United States: New Guidance On Customer Identification In Prepaid And Other Card Programs

The U.S. federal banking regulators and the Financial Crimes Enforcement Network ("FinCEN") recently released guidance (the "Guidance") clarifying the applicability of the "know-your-customer" or "customer identification program" regulations (the "Regulations") under Section 326 of the USA PATRIOT Act to prepaid cards deemed issued by banks, thrifts, credit unions, and branches of foreign banks ("banks"). The Guidance applies, effective March 21, 2016, to cards that are sold and distributed by banks or by third parties that design, manage, and operate prepaid card programs for banks. Noncompliance could result in material adverse regulatory action, especially where anti-money laundering compliance is affected.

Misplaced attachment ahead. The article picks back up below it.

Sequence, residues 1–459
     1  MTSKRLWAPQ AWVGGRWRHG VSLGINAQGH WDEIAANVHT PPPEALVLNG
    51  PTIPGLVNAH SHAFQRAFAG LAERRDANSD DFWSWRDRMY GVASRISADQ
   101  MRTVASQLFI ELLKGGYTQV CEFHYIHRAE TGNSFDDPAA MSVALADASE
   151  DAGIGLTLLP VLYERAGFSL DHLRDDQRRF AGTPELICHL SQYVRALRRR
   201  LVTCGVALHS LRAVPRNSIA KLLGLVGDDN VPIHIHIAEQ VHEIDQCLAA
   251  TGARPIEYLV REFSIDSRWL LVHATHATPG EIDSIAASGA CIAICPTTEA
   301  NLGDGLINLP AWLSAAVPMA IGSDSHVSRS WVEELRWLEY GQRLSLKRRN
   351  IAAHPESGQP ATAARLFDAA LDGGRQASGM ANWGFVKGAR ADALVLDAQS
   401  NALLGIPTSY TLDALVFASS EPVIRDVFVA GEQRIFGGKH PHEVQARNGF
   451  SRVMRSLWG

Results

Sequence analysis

Highlights

  • General purpose, reloadable prepaid card programs are "accounts" of the issuing banks, and the cardholders are bank "customers" under the Regulations.
  • Cardholders in employee payroll card programs and government electronic benefit transfer card programs are not bank "customers" under the Regulations, unless the bank's program offers cardholders access to credit or overdraft features or allows cardholders to deposit funds onto the card other than through the employer or the government program.

Background

Prepaid cards are recognized, mainstream financial products, used by individuals and private- and public-sector entities. General-purpose prepaid cards can be used at multiple, unaffiliated merchants and permit cardholders to perform a variety of functions, including some that have traditionally been conducted using other mechanisms, such as checks or debit cards tied to bank deposit accounts or credit cards. These functions include withdrawing cash at automated teller machines, paying bills, and transferring funds.